Kostunica's arrival has disorientated his neighbours in the former Yugoslav and complicated their agendas. Now that the Belgrade menace is no more, Montenegro's president is faced with doubts over his plans for independence. Djukanovic was flabbergasted by the alliance formed in the Yugoslav federal parliament by Kostunica's allies and his pro-Milosevic rivals from Montenegro.

But it is in Kosovo that the "Kostunica effect" is most keenly felt. His election has provoked a pretended indifference and genuine worries. The Kosovo Albanian plan for independence, bolstered by ten years of apartheid and violence perpetrated by the Milosevic regime, has apparently lost its justification, at least in the eyes of the international community, now democracy has prevailed in Belgrade.

Moreover, the victory of moderates in Kosovo - Rugova's Democratic League of Kosovo - must not hide the fact that independence was the only issue under debate during the municipal elections, and the only reason so many Kosovo Albanians turned out to vote.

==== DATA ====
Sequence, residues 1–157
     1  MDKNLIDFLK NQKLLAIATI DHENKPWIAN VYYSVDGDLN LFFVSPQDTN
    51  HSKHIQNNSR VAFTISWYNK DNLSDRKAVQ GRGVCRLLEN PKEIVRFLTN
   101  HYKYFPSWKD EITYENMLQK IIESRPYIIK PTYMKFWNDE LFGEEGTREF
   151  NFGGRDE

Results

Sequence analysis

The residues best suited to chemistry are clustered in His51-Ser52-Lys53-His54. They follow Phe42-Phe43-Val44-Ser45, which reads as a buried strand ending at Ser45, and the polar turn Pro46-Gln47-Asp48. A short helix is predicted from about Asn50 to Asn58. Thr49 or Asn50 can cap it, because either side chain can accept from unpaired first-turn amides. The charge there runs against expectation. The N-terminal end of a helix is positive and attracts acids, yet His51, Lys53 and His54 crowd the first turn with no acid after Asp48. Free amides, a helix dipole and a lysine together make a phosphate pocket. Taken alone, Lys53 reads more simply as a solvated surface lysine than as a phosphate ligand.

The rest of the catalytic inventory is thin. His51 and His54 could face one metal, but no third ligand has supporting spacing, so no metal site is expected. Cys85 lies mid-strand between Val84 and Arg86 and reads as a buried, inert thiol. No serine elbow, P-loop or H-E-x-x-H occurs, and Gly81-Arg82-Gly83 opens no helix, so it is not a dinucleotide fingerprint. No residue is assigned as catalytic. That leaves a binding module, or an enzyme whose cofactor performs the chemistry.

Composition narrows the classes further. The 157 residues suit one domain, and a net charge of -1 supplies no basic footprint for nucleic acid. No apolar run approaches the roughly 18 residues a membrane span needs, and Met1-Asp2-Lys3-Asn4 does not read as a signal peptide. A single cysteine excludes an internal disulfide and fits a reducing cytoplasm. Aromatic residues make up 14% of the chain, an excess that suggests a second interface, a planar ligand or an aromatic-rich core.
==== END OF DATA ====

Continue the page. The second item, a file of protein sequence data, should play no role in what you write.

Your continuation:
The second illusion is for the international community to imagine that now Milosevic is in retreat, a form of Yugoslavia (if only residual) can be revived. Even if it remains possible to negotiate a confederate relationship between Serbia and Montenegro, the question of Kosovo has to address certain stubborn facts of life. Since NATO's intervention, Kosovo has totally lost its dependence upon a Serbo-Yugoslav administration. To consider a return of Serbian officials, soldiers and police to Kosovo is clearly a dangerous game.

As Veton Surroi, publisher of Koha Ditore, put it Kosovo Albanians will never again accept Belgrade rule, even if Mother Theresa were to be elected president in Serbia!

It seems obvious when next year's elections in Kosovo create a democratically elected assembly its first decision will be to declare independence. Compelling Kosovars to accept "substantial autonomy" within Yugoslavia could be enough to compromise the victory of moderates grouped around Rugova and make way for a new avalanche of violence.

But can Kostunica free himself from the Yugoslav fiction and help Serbian (and Albanian) nationalism break free of the Kosovo issue?